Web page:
Embracing the Humility to Accept that “By the Grace of God I Am What I Am”: Homily for the 12th Sunday after Pentecost and the 12th Sunday of Matthew in the Orthodox Church

1 Corinthians 15:1-11; Matthew 19:16-26

      It is not hard for people who have it pretty easy in life to think that all is well. If they assume that they have met the expectations of society, then they can pat themselves on the back and rest content.  But when a hard challenge comes along that they are not prepared to meet, their eyes will open a bit to the truth about their souls.  That is precisely what happened to the rich man in today’s gospel lesson when Jesus Christ gave him a commandment that he lacked the strength to obey: “If you would be perfect, go, sell what you possess and give to the poor, and you will have treasure in heaven; and come, follow me.”

This fellow had thought that he had already satisfied God’s commandments.  He said, “All these I have observed; what do I still lack?” He may have asked Christ what he needed to do in order to find eternal life because he wanted the Lord to confirm that he had already fulfilled what God required.  Or perhaps he was genuinely checking to see if he had done everything he could in order to justify himself.  The man was quite wealthy, and lived in a time when people believed that God blessed people with riches as a reward for their righteousness.  That is why the disciples were shocked to hear Christ say how hard it is for the rich to enter the heavenly kingdom.  Along with success in the world usually come strong inclinations to love the fruit of that success.  The Scriptures are certainly full of warnings against the temptations associated with wealth, power, and prestige.

The man’s inability to part with his possessions and to abandon his place in society at the Lord’s command revealed a truth about him that he had not previously considered:  He loved serving himself more than serving God and neighbor.  His obedience of the commandments had not brought healing to his soul.  Due to his pride, which had likely grown from how he had responded to his comfortable life and the admiration of others, he had fallen into the delusion that he had achieved righteousness by obeying God’s law.  When told to obey a command that was beyond him, however, the man’s illusion of perfection shattered. And since he relied on nothing more than his own sense of accomplishment, he then fell into despair and walked away from the Lord in sadness.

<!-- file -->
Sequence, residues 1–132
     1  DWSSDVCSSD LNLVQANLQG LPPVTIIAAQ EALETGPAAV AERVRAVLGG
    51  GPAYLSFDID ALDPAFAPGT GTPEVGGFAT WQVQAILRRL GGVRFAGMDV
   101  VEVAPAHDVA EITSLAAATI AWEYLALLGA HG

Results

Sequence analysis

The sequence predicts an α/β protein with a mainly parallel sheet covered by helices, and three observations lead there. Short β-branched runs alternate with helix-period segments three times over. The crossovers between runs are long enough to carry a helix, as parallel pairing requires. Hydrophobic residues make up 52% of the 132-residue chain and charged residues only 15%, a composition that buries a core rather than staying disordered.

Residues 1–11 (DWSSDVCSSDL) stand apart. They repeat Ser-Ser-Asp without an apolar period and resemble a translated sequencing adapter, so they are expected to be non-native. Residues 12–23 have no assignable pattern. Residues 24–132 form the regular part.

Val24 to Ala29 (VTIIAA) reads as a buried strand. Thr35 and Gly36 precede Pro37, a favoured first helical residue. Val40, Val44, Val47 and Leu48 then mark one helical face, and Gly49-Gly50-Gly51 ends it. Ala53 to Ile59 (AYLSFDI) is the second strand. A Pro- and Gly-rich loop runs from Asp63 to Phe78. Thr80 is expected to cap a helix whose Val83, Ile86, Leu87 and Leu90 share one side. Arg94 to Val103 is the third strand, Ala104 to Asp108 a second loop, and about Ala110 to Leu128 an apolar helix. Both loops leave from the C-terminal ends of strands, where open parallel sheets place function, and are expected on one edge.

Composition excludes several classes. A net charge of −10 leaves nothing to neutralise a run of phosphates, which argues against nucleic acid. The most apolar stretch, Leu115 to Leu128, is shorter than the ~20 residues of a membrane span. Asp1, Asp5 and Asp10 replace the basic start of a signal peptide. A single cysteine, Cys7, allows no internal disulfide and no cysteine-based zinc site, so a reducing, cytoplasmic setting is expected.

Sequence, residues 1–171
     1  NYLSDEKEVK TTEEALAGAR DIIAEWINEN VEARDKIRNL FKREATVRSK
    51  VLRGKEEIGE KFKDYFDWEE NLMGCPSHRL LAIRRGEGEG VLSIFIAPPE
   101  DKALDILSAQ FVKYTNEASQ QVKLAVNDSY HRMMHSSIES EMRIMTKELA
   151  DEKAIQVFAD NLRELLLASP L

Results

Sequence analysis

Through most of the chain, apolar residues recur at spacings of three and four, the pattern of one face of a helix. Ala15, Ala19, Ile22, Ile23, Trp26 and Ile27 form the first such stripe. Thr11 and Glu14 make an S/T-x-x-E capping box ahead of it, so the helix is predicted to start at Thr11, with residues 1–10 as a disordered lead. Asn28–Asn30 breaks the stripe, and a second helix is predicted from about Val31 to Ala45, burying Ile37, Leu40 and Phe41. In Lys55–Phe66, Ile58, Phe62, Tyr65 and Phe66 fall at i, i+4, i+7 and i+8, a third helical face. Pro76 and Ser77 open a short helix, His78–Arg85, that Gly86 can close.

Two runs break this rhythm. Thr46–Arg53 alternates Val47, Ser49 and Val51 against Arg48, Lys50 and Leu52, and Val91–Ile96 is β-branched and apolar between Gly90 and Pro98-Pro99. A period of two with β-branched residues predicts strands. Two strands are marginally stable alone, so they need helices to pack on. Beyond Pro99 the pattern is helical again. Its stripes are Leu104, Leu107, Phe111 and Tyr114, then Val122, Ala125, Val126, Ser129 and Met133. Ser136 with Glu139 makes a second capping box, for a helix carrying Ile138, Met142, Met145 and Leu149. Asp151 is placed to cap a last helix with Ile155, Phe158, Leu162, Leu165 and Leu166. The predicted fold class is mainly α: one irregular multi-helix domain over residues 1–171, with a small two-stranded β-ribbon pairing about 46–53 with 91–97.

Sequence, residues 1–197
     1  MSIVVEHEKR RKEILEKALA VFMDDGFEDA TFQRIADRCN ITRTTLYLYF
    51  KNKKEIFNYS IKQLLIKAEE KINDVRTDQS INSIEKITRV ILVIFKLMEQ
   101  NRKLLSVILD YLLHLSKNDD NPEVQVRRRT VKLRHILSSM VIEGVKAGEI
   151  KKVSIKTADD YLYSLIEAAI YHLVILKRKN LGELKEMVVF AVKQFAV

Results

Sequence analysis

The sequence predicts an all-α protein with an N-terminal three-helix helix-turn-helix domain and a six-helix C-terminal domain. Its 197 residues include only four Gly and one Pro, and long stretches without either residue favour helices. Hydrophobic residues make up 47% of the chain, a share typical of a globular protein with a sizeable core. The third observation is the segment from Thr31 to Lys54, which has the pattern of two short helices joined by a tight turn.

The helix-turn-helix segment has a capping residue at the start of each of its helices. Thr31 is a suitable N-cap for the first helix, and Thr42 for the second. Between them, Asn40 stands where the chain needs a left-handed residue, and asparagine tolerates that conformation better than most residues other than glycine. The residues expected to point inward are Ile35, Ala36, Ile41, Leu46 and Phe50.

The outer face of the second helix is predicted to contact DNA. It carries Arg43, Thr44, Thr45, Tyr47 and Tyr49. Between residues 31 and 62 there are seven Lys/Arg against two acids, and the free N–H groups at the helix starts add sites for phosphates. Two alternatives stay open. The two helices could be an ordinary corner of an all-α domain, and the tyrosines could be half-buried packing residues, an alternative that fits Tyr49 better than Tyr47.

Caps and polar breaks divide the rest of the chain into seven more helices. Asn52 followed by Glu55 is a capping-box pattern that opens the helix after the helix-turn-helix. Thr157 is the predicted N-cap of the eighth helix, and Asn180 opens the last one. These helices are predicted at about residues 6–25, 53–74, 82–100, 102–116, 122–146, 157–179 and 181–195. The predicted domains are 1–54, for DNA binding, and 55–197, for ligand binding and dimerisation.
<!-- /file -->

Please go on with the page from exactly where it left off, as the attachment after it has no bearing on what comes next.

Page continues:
St. Paul helped the early Christians see that sharing in the eternal life of Christ is not a reward for following the Old Testament law.  A former Pharisee and persecutor of the Church, he became an apostle after the Risen Lord appeared to him on the road to Damascus.  Instead of corrupting such a tremendous blessing to fuel religious pride, he used it for his humility.  As St. Paul wrote, “I am the least of the apostles, unfit to be called an apostle, because I persecuted the church of God. But by the grace of God I am what I am, and His grace toward me was not in vain. On the contrary, I worked harder than any of them, though it was not I, but the grace of God, which is with me. Whether then it was I or they, so we preach and so you believed.”  St. Paul acquired the spiritual clarity to see that his ministry was not about him.  His life was not a monument to himself.  His work was not a desperate attempt to justify himself before God or in his own mind.  Instead, everything was about participating in the gracious mercy of the Lord as he fulfilled his particular calling to build up the Body of Christ.

In contrast, the man in our gospel lesson was concerned only about himself and blithely assumed that he had already fulfilled God’s law.  Then he could not handle it when the Savior revealed his spiritual weakness by giving him a command that he lacked the strength to obey.  St. Paul, however, never shied away from highlighting his own unworthiness, even calling himself the chief of sinners.  The apostle had the humility to see and accept the truth about his soul, stating that “by the grace of God I am what I am.”  He was not paralyzed by guilt or enslaved by the proud desire to make himself look righteous in the eyes of others.  Despite his many trials and tribulations, and his keen awareness of his own imperfection, St. Paul did not abandon his ministry or somehow corrupt it into a way of serving himself.  Instead, he used his sense of dependence on the mercy of the Lord to fuel his ongoing pursuit of the Christian life to the point of death as a martyr.  As he wrote, God’s “grace toward me was not in vain. On the contrary, I worked harder than any of them, though it was not I, but the grace of God, which is with me.”